On Saturday I found myself on the Orange-bellied Parrot survey
at Lake Murdeduke near Winchelsea, about half-way between Geelong and Colac in
OBPs have never been recorded here, but there had been reports
of large flocks of Neophemas in the area recently and as OBPs have been on
the whole, mysteriously absent from their previous mainland wintering haunts,
they have to be somewhere.
Needless to say I did not have any luck with Orange-bellied
Parrot, but I did see over 130 Blue-winged Parrots in two large flocks. One
flock seen feeding in the short saltmarsh/grasses along the Southern edge
of Lake Murdeduke itself included a group of 26 feeding along the actual
shore line. Wind or wave action had left piles of tiny shells covering much
of the mudflat left by the retreating lake waters. The Blue-wingeds seemed to be
feeding amongst this jetsam. Perhaps there were seeds trapped amongst the
shell debris, the only time I could see what a bird was feeding on was
when one held a straw of something in its beak.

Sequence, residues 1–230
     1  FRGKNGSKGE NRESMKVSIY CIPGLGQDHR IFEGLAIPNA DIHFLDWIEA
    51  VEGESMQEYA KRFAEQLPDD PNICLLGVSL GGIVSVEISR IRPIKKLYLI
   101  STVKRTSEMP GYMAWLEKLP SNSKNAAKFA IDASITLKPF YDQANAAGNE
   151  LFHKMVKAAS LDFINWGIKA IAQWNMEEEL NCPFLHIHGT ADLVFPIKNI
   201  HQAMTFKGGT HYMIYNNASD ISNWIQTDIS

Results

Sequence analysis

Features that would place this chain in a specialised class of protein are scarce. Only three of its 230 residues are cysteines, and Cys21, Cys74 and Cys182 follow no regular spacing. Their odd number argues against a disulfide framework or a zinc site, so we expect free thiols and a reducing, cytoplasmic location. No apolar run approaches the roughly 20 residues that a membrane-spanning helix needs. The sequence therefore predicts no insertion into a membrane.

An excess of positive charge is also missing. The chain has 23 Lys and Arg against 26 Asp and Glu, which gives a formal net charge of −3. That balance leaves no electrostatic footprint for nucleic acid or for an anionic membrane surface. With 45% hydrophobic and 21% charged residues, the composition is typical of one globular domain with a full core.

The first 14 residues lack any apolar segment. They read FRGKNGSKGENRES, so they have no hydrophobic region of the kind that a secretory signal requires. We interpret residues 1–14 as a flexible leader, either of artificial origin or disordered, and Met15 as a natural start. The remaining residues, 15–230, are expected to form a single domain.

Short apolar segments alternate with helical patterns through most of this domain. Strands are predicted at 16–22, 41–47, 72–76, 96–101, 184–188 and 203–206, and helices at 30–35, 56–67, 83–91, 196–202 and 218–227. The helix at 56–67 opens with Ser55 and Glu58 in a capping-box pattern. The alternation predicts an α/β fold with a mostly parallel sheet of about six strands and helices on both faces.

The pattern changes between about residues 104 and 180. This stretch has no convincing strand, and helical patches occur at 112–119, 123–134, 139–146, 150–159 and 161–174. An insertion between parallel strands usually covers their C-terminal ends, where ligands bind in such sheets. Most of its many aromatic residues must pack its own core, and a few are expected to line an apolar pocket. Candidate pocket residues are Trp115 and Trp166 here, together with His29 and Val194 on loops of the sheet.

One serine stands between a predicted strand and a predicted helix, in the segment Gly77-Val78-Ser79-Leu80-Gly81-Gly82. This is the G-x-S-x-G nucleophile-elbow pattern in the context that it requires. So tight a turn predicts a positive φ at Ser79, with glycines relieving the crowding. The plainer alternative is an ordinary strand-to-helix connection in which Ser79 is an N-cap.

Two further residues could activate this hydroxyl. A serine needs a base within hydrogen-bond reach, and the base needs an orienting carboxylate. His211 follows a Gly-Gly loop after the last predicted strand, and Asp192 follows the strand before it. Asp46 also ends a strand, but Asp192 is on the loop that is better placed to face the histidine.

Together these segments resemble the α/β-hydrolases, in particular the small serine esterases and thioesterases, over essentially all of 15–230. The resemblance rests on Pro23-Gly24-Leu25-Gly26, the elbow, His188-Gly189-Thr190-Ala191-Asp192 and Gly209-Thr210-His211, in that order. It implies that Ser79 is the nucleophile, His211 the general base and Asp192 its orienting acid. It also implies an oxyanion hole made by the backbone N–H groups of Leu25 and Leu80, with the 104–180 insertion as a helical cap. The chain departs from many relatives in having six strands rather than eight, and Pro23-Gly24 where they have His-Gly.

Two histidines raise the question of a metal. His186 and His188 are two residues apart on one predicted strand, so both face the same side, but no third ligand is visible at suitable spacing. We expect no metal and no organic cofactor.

I'm pretty sure they weren't feeding on the actual shells
themselves but who knows, maybe this was nature's equivalent of a caged budgie's
nice bit of cuttlefish. Whatever the food source, it was a most remarkable sight
seeing these gorgeous parrots lined up on the shore line alongside Red-necked
Stints and Red-capped Plovers.
Other good birds on the lake were Great-crested Grebe,
Blue-billed Duck, and to top things off beautifully three Brolgas flew
in metres above my head, trumpeting as they landed and began feeding along
On the way back to Melbourne I made a brief stop to the Point
Wilson Road in a vain attempt to actually see an OBP. I did, however, see three
Stubble Quail in the same area as reported by Jacqui Sheperd the next day.
Perhaps an influx of this species may be on the way down